Tommy blinked. Mikey sighed. "Sorry. I didn't mean to snap."
Tommy shook his head. "No, I was just-- I mean, I would think it was because you didn't want that responsibility--"
"That's sort of how I've gotten used--"
"Yeah, we've noticed."
"But you keep trying to give me to him, and you're even more protective of him than you are of yourself."
Mikey took a second to think about what Tommy was saying and then admitted, "I don't get it."
"Just-- You're right about him. I can sort of see it now, at least I'm starting to be able to. About the way he worries over the shit he did and is scared that he'll make things worse and he trusts you not to do that."
Tentatively, Mikey asked, "But?"
"But you and Gee want me in your pictures. That's what Gee was saying, he said I had to take pictures with you because there weren't any and that was unacceptable--I think he used that word like four times."
Mikey was tempted to ask if they had all been appropriate uses of the word, but instead he just nodded. He didn't really want to interrupt at this stage in the game. Tommy said, "Alex, he said something the other day. We were watching basketball at his house and I think it was a date, I'm pretty sure, because he made dinner and he asked, but there wasn't kissing, there was just us and nobody has ever not wanted more of me than I wanted to give, so I don't know how to, um, y'know, but I still think it was a date."
Mikey nodded. Tommy asked, "Yes?"
"Totally a date," Mikey confirmed before trying to steer Tommy back on course. "So he said something?"
"He said that sometimes selfishness is a worthwhile trait."
Mikey tilted his head and waited for Tommy to explain.
"We argued, because man, the selfish people I've known... I mean, my dad couldn't even be bothered to really pay attention to me, he was too fucking caught up in his own self-pity and my friends mostly just wanted someone who would help them with their illegal shit. But he said, 'no, no, I mean, selfish in the way where you know you can ask for things. It's not even really selfish,' he said, but he said that he thought I thought of it that way, and I argued some more, but mostly I was just talking at that point. Because he's right, I think. For me just asking is always asking for too much, for more than I deserve."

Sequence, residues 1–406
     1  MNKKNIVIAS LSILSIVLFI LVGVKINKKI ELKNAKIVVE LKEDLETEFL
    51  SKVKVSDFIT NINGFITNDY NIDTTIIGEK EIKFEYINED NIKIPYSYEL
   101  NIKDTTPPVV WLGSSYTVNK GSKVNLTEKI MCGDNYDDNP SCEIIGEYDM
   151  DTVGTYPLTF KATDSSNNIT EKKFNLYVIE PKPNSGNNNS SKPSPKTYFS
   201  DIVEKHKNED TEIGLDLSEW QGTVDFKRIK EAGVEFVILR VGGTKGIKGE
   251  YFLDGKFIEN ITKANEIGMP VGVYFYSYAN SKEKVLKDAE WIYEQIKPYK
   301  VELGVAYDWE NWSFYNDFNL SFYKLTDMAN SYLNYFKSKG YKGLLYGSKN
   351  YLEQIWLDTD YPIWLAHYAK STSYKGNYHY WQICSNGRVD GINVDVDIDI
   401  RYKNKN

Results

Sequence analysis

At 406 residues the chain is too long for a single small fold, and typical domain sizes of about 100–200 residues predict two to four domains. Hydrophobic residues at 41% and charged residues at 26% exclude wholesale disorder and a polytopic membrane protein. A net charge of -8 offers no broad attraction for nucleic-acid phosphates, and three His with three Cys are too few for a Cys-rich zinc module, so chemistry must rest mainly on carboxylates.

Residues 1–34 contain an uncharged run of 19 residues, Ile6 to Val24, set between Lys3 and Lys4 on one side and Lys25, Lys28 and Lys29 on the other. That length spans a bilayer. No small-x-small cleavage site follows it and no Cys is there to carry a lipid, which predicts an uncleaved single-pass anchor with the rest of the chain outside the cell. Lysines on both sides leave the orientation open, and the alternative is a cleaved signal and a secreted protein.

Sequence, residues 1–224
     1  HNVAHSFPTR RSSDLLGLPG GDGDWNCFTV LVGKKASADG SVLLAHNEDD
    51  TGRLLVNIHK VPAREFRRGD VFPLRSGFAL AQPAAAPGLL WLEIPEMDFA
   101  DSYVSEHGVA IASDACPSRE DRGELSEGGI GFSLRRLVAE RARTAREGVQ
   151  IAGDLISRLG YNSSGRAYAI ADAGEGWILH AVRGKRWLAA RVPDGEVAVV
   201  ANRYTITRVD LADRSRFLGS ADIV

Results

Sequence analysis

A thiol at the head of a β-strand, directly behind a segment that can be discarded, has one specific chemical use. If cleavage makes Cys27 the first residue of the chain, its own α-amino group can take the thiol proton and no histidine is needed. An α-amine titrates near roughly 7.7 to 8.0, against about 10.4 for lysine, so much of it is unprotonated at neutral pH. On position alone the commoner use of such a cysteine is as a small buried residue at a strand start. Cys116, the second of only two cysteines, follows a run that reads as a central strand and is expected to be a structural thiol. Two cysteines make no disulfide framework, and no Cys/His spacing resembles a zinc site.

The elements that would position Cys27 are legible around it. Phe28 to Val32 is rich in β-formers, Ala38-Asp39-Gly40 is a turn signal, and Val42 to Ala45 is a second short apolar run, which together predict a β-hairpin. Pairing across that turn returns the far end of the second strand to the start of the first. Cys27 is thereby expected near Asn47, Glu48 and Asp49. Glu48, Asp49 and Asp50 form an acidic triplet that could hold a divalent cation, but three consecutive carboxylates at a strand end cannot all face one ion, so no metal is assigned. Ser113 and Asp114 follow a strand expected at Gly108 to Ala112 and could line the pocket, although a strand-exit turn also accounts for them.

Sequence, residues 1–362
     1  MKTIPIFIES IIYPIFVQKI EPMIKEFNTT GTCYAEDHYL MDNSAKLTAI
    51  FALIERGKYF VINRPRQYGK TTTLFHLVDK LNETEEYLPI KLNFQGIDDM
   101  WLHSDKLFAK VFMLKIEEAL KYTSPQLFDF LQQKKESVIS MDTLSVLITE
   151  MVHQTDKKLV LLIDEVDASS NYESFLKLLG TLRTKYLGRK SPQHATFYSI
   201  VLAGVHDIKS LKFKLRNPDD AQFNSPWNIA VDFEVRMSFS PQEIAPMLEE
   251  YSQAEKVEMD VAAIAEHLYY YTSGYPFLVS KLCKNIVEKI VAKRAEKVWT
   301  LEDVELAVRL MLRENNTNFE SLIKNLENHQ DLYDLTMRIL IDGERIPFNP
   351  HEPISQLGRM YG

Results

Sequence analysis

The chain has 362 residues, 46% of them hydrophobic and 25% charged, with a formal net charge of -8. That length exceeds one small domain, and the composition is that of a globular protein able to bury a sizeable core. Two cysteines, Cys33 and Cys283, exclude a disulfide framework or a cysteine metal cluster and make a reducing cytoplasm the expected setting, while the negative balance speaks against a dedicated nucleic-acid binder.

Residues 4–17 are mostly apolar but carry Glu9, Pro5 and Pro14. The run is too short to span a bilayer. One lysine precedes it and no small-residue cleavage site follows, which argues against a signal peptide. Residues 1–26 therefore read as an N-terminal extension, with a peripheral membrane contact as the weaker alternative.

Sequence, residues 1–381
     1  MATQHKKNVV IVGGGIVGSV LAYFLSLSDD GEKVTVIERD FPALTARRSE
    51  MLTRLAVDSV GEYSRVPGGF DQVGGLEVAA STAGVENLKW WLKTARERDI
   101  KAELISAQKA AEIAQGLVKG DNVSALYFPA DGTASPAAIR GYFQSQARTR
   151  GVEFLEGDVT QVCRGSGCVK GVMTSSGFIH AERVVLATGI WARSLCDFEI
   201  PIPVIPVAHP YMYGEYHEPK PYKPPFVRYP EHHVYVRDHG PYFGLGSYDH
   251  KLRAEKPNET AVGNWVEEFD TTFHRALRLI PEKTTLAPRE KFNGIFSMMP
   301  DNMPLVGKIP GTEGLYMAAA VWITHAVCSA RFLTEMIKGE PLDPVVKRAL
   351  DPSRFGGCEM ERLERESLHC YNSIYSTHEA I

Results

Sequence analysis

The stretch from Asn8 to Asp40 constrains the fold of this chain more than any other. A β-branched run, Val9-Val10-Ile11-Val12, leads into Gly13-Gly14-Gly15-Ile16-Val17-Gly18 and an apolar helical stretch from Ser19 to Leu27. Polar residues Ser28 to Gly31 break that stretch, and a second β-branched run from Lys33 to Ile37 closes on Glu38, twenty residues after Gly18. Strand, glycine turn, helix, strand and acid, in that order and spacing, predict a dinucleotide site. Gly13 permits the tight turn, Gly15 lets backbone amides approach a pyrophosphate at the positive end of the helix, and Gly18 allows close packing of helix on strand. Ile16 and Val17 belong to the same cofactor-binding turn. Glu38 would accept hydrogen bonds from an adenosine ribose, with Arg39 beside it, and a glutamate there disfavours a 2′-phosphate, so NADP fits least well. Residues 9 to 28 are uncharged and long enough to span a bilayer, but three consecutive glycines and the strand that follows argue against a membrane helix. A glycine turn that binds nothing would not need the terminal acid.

Mikey chewed at the inside of his lip for a second. "So, um, there's something you want to ask for?"
"You said that he thought of me like a younger brother. And he said that you make a better brother, which was kind of like him giving me permission to have you for that."
"Less like, more him giving, but okay."
Tommy stared at Mikey really hard, like the force of his stare might cause Mikey to read his mind. Mikey sort of had an idea of where he was going, but he wasn't letting Tommy off the hook that easily. This was something Mikey needed him to say aloud. Finally Tommy said, "Just. I'd like-- I think of you and Gee and Bob as my family, even if I shouldn't. And if you-- If Frank wasn't being--"
Okay, that was enough for one night, Mikey supposed. "Tommy."
Tommy let his gaze stray quickly to Mikey and then back away. Mikey pushed a rather displeased Mizzy to the floor so that he could get to Tommy, could hug him. "You'd be ours even if you didn't want to be. That's how brothers works."
Tommy clung silently. Finally Mikey said, "Let's go take some family pictures," and didn't let himself think about how they'd be incomplete.
I read a poem once. Well, I actually read a lot of poems that semester, it was for my sophomore English class and my teacher was into poetry and I kind of hated it, but Gee liked them and he would read them aloud to me in funny voices and that helped me pass. The poem had the line "April is the cruelest month." I think it might have been talking about World War I, but I can't remember. In any case, the guy was wrong. October definitely kicks April's ass for cruel. I suspect that in a few days, November will step up to the championship plate.
Alex is a patient boy, although, to be fair, I'm not entirely certain if that's a natural attribute or comes out of the fear of getting himself used again. If they both keep being such pussies, I'll have to give them another push in a bit, but for the moment, I'm seeing if they can manage to figure shit out on their own.
I'm including an article on the band that Pete's crush sings for, the one Tommy's doing the liner art for. He's the tall blond that doesn't look like any of the others. Oh, and I also put a picture of your mom cooking in our kitchen in there, so you could see. Tommy took it. He's best at catching those kinds of things, moments, I guess. He told me you tried to give him up. I said I'd share, but that's all, he's yours.
Eliot. The poem was by Eliot. "The Wasteland." We had to read it in one of my comp classes. Well, the first section, it's a long fucker. He's talking about the aftermath of war
I think I convinced the warden to order sweet potatoes for Thanksgiving this year. My suggestion of cranberry sauce was a huge morale booster last year, as you may remember me mentioning. You might worry that giving a bunch of violent men in an enclosed space too much sugar is a foolhardy idea, but to that I say blow me, I want some sweet potatoes. I don't think he's going to go for the marshmallow suggestion. That might have been pushing things.
I wasn't trying to give him up.
November is definitely tearing October to shreds, you were right about that.